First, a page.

“If the crop is harvested too dry, at less than 60 percent moisture, there will be reduced yields, molds will develop, and digestibility, protein, and vitamins A and E will be lower,” he noted.
The harvest timing trigger depends upon the ideal moisture for the particular silage storage facility.
Pushing populations and row spacing
“Plant distribution has the most potential to move a farmer off his current yield level,” Lauer said. “Plant densities for maximum yield are going up as new hybrids are commercialized. For row spacing, narrower is considered better, although the decision has a low impact on yield.
“There are challenges to plugging in more plants,” noted Lauer. “Excessively high populations can lead to poor root development, standability issues because of poor stalk strength, inconsistent ear development, and small or blank ears,” he cautioned.
In industry trials on twin rows, Monsanto reported an average of 3 bushels per acre more for twin rows when compared to 30-inch rows. Also, yields were higher at 16 of 20 locations and different hybrids responded differently.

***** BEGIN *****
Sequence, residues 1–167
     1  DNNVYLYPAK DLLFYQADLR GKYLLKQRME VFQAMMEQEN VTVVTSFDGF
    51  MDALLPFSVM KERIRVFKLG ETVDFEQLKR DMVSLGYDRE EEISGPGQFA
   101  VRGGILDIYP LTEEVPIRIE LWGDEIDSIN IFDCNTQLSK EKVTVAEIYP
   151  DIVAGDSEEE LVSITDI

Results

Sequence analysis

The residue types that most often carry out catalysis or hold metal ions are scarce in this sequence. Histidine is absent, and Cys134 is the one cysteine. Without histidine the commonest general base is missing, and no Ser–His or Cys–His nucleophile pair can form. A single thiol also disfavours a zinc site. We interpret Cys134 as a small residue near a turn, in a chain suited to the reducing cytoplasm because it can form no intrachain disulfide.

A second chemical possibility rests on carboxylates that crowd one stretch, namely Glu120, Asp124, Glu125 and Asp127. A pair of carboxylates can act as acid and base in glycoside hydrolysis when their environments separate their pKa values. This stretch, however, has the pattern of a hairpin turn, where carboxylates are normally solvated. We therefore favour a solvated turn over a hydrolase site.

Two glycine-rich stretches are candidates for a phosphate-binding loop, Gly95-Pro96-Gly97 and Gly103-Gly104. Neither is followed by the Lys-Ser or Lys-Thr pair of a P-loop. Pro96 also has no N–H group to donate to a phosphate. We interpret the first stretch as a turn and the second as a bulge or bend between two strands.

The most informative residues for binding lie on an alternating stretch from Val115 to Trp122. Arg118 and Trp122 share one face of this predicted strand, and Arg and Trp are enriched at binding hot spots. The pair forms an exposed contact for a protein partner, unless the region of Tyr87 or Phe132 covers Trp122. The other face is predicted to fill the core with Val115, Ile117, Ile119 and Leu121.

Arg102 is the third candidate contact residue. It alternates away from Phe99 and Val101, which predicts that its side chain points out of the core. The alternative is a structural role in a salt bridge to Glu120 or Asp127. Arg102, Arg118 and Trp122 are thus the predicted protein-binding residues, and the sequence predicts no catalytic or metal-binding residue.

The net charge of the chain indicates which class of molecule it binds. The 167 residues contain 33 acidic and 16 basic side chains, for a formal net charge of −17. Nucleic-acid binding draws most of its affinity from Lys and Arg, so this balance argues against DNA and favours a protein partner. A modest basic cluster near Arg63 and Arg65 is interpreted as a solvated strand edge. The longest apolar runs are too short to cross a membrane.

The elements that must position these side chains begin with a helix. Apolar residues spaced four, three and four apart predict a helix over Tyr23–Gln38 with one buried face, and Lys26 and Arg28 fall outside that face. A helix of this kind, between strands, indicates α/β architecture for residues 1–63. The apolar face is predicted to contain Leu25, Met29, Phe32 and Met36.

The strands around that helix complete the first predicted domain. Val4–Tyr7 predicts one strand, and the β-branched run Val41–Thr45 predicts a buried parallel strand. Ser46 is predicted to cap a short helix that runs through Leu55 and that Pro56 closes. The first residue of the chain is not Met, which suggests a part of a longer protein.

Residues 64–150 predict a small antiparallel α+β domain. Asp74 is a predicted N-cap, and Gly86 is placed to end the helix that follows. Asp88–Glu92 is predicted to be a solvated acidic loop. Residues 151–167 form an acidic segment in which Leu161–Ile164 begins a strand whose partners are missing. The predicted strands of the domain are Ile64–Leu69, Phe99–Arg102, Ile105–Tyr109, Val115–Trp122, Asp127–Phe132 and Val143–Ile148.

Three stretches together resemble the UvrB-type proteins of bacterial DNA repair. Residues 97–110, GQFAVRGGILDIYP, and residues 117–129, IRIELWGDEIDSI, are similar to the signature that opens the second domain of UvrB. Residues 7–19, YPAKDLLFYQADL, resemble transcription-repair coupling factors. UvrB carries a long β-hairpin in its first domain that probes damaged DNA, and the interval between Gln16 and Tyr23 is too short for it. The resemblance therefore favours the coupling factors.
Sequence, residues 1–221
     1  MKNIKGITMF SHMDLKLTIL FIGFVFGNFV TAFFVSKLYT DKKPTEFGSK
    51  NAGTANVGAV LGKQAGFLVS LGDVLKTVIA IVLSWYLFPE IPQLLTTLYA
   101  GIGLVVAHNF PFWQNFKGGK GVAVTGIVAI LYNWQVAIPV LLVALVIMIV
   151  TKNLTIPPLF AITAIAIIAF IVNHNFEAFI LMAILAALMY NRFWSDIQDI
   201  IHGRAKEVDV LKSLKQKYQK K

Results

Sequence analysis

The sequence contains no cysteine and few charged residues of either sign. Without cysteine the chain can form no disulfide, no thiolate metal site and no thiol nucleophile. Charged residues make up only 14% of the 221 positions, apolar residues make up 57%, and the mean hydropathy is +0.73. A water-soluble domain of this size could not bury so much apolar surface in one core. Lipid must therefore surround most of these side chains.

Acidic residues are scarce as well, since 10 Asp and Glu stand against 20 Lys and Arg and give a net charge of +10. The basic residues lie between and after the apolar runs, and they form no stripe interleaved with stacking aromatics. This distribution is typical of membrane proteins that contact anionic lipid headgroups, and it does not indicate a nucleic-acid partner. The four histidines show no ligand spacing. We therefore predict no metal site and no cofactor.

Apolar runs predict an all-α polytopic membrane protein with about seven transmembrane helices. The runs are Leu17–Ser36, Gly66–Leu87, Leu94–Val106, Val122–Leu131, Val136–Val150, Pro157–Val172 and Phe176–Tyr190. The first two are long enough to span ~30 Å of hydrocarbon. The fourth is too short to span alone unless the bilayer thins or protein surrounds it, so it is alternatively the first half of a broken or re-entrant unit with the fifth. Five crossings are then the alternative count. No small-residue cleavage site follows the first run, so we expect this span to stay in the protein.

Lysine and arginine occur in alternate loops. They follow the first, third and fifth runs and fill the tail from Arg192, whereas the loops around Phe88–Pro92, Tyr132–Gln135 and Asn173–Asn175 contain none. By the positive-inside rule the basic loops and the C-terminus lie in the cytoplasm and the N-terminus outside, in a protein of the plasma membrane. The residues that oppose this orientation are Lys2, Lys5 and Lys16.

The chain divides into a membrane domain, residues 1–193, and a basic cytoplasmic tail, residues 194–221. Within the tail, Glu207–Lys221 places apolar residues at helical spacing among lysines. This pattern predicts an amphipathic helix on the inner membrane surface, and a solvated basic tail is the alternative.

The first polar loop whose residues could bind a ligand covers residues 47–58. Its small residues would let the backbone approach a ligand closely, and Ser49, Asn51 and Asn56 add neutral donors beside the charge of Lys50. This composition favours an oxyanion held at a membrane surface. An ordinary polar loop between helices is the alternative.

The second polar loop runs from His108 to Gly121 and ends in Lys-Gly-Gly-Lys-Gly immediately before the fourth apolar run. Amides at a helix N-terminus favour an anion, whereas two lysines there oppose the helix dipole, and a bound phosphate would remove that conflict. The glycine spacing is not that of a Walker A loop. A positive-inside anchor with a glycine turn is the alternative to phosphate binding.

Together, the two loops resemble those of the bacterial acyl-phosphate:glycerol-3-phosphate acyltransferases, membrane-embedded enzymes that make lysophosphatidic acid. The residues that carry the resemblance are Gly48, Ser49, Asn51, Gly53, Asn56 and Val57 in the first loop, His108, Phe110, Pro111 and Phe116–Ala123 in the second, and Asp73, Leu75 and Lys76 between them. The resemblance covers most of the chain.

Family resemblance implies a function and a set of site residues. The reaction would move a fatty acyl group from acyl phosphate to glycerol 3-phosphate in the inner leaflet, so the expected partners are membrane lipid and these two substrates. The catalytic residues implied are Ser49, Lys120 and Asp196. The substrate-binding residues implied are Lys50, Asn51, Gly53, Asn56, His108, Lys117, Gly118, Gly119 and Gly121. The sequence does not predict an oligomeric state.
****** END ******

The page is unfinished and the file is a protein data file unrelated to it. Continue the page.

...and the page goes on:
Meanwhile, AgriGold found a 5 bushel advantage with twin rows in 2009 and a 4.4 bushel advantage in 2010, as well as hybrids responded differently to row and plant spacing, said Lauer. Pioneer reported twin rows yielded 0.7 bushels per acre less than 30-inch rows in 2010 with similar hybrid responses.
Among the management factors, Lauer advised plant populations for forage cornfields of 2,000 to 3,000 more than the 26,000 to 34,000 seeds per acre typically planted for grain fields. Plantings can be made up to seven days later than for grain.
Although silage corn can currently produce as much protein and oil per acre as soybeans and yields continue to rise, Lauer concluded there is plenty of room for progress. Forage quality changes have not occurred, although specific hybrids such as brown midrib have had dramatic changes.
“More progress might be gained if breeding efforts targeted quality rather than yield,” Lauer said, noting environmental traits may become just as important as forage quality traits, especially for managing manure and drought stress.